Bad guys have always been good for opera. They betray friends, doom lovers, and disrupt the peace—mayhem that leads to melodrama and drives a juicy plot. Composer Gregory Spears’s Fellow Travelers, set in early-1950s Washington, D.C., deploys one of the baddest guys of all, Senator Joe McCarthy, but he appears only briefly. “Opera is a very complex system, involving a lot of resources,” says Spears. “I don’t think we need to waste the resources of the orchestra telling people that McCarthy was a villain. I’m interested in complicated characters we can get close to—and I don’t want to get very close to him.” Instead, it’s the paranoia around the senator’s witch hunts—his Red and Lavender Scares—that drives this juicy but decidedly unmelodramatic opera, giving it a darkly wistful tone.

Based on Thomas Mallon’s 2007 novel of the same name, Fellow Travelers premiered at the Cincinnati Opera in 2016. It centers on two men, each with what used to be called “homosexual tendencies,” who attempt a love affair while working in the State Department. It’s a mismatched romance, Spears says, “that was not going to work in any world”—especially the nervous atmosphere of this straight-arrow era, when any “tendencies” led to immediate firing. The action is naturalistic and play-like; the music, minimalist but achingly expressive.

It’s the paranoia around McCarthy’s witch hunts that drives this juicy but decidedly unmelodramatic opera.

“Spears has an eerie ability to suggest interior landscapes that go unseen,” writes Alex Ross in The New Yorker, “interior lives that go unspoken.” It’s a musical language that aims to heighten emotions, not spell them out. “I love Verdi and Wagner,” Spears explains, “but I don’t like how that music is always trying to tell you something. I’m a little more of a Bellini kind of person, where music creates a space for something mysterious to happen.”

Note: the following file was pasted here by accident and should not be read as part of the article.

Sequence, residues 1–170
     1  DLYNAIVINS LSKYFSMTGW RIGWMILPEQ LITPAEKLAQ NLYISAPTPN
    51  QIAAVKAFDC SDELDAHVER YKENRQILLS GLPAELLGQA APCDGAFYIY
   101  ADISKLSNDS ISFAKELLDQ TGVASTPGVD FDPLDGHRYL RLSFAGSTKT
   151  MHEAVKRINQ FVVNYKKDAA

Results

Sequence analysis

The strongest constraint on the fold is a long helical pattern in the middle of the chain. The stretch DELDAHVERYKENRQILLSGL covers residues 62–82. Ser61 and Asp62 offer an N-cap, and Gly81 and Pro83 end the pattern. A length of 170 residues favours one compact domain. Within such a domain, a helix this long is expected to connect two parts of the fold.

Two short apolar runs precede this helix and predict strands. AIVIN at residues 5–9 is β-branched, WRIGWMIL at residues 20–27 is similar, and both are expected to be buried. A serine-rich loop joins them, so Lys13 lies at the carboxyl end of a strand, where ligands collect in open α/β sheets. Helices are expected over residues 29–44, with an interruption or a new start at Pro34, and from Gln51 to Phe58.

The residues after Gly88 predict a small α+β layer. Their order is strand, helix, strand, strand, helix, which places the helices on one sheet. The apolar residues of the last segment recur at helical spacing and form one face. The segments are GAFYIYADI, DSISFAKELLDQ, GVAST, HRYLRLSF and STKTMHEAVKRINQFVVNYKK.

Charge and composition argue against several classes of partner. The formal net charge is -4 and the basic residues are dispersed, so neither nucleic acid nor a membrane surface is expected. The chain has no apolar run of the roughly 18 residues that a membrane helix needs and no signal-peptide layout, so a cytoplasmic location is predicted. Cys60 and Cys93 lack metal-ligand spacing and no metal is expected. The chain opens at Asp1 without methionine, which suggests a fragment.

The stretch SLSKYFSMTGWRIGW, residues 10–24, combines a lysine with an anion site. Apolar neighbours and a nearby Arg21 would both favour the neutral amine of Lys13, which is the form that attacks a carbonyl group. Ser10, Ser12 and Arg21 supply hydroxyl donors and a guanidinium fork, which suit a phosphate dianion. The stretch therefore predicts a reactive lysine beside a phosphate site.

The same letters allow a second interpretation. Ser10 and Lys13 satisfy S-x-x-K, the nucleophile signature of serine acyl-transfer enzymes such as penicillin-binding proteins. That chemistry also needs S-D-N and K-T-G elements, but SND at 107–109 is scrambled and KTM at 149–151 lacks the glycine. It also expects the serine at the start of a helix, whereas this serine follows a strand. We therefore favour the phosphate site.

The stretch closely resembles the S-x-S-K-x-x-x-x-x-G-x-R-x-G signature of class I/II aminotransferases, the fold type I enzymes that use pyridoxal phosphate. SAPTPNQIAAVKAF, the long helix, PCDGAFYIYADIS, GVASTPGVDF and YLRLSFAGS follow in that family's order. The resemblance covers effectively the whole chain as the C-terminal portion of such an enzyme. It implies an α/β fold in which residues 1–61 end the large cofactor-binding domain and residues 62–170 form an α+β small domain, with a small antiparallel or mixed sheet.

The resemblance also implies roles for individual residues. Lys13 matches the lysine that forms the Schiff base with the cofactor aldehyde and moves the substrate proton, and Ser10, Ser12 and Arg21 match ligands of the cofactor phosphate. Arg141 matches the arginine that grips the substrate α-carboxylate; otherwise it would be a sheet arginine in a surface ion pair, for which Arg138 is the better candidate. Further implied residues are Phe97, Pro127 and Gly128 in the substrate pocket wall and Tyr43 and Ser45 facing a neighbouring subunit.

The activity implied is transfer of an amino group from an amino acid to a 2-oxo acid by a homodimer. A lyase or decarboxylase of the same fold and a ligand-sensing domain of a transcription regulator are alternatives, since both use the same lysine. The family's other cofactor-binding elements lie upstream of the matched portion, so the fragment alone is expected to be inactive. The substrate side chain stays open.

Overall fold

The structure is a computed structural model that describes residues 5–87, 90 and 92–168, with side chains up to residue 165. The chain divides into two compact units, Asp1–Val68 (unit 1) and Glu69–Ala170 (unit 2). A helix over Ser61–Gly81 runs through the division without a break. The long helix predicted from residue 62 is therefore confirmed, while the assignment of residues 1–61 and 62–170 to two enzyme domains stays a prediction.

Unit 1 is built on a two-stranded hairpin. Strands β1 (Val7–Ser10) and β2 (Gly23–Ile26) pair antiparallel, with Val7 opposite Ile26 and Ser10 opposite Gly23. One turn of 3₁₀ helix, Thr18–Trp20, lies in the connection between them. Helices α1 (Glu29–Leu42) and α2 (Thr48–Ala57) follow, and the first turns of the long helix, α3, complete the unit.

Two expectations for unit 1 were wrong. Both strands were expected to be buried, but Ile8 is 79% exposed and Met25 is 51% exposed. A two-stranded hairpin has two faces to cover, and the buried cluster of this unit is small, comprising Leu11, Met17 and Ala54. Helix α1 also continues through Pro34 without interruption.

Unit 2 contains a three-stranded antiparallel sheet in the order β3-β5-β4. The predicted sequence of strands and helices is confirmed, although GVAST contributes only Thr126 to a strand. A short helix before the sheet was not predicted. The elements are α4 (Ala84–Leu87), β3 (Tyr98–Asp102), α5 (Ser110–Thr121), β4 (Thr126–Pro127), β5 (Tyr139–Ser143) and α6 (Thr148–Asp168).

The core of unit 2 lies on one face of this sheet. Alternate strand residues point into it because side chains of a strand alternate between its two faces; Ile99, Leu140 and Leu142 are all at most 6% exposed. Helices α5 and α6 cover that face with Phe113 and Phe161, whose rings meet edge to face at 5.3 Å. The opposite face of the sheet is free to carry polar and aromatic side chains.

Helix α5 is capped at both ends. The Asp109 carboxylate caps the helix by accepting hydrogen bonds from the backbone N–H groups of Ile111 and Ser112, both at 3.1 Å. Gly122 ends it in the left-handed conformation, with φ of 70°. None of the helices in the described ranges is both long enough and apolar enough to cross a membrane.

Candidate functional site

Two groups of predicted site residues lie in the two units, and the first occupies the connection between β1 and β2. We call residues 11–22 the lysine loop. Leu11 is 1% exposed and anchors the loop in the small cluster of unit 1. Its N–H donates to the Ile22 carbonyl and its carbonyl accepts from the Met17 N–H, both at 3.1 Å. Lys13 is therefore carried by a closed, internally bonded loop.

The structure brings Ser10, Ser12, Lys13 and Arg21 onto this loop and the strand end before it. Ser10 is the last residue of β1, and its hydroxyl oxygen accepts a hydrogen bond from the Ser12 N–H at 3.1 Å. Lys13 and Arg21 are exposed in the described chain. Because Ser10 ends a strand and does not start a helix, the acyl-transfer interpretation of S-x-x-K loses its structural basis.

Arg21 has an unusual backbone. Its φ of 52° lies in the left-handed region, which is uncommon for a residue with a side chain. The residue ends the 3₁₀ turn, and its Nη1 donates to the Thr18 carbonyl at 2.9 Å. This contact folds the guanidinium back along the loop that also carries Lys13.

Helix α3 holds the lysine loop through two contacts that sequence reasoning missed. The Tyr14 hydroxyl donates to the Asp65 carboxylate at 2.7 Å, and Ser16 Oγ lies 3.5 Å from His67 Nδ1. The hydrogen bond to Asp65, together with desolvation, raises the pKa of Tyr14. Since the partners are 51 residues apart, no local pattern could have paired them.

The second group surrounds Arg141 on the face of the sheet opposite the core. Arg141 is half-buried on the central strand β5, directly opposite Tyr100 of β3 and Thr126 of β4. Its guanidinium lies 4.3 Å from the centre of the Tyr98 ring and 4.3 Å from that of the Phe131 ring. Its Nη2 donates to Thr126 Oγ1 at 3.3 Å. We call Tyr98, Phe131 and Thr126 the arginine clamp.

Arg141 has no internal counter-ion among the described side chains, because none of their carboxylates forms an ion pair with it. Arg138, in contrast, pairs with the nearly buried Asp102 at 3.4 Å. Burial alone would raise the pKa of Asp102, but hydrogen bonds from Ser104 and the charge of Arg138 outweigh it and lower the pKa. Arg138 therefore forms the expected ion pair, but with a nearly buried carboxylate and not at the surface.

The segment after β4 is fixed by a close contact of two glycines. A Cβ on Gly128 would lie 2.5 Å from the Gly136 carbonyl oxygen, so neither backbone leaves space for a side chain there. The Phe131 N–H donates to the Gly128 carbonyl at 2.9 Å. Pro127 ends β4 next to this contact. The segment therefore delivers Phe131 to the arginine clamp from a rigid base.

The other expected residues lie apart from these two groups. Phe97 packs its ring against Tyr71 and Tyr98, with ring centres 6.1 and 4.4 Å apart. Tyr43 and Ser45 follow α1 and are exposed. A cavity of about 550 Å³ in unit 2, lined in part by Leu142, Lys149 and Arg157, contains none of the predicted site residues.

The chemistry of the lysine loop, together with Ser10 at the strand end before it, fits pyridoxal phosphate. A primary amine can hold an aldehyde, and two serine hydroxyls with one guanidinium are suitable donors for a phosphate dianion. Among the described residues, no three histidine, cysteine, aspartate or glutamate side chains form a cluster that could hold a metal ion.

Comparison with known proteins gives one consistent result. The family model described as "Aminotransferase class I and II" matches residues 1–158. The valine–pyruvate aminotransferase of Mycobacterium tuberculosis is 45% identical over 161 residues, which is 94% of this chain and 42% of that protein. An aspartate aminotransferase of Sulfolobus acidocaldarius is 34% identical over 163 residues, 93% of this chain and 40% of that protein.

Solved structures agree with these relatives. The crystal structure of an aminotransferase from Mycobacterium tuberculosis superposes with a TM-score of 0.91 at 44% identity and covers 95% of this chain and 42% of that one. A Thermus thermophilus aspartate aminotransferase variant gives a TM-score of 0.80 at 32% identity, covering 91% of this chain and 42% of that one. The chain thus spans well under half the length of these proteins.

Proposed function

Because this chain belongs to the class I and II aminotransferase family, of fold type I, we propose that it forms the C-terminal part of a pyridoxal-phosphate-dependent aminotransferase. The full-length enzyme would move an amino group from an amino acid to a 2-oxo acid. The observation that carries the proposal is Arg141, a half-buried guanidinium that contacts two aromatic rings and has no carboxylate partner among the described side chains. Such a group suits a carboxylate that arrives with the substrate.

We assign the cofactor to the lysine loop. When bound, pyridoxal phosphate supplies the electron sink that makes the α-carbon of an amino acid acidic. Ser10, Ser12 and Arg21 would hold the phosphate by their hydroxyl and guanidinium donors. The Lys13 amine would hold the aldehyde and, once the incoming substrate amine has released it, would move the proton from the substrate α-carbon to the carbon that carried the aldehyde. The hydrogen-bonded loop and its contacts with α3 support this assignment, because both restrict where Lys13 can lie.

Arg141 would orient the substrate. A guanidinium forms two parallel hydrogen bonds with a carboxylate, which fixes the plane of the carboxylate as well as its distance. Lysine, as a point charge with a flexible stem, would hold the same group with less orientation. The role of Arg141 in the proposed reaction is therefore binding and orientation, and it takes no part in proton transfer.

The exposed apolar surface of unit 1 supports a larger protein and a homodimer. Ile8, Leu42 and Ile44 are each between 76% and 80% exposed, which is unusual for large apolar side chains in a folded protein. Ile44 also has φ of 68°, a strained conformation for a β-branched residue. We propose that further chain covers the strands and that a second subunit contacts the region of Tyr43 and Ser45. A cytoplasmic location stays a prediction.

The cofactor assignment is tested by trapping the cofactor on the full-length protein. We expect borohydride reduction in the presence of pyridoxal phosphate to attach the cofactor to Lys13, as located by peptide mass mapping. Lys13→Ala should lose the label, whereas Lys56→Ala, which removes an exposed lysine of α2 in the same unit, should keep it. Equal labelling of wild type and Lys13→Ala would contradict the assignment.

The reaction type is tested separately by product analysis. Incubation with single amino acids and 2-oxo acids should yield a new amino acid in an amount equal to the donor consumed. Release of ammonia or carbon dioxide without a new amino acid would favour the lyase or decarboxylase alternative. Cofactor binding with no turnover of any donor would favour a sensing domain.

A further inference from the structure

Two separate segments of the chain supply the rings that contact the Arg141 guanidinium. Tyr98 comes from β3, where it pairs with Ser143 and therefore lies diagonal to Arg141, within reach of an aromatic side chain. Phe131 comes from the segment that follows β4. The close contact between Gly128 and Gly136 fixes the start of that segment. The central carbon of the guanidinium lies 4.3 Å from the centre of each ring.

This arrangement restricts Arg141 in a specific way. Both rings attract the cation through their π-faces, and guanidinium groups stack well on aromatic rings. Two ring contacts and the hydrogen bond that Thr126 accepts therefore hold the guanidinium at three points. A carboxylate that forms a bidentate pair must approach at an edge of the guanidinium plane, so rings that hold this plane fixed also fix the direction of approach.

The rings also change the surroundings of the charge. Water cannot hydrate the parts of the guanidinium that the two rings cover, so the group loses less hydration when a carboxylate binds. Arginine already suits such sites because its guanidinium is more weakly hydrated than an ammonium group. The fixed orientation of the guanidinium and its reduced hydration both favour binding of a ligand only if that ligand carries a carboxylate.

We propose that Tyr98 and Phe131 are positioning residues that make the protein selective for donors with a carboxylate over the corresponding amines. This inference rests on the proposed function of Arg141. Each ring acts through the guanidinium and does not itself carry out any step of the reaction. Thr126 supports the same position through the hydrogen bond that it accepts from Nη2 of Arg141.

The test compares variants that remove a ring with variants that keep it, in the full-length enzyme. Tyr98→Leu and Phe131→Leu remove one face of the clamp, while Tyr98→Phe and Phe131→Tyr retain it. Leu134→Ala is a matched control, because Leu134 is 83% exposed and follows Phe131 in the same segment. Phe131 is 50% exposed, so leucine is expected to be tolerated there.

It’s rare for a new opera to be staged as frequently as Fellow Travelers has been. After Cincinnati, it was mounted in Chicago, Minneapolis, Phoenix, and New York. Besides the gorgeous music, what accounts for its popularity? “When the opera premiered, it was the first year of gay marriage,” says Spears, “so there was this sense that it was celebrating this big moment in gay history. Then, as we move into the Trump era, looking at McCarthyism becomes resonant in a different way.” As singers say to each other for luck: “In bocca al lupo”—into the wolf’s mouth. —Stephen Greco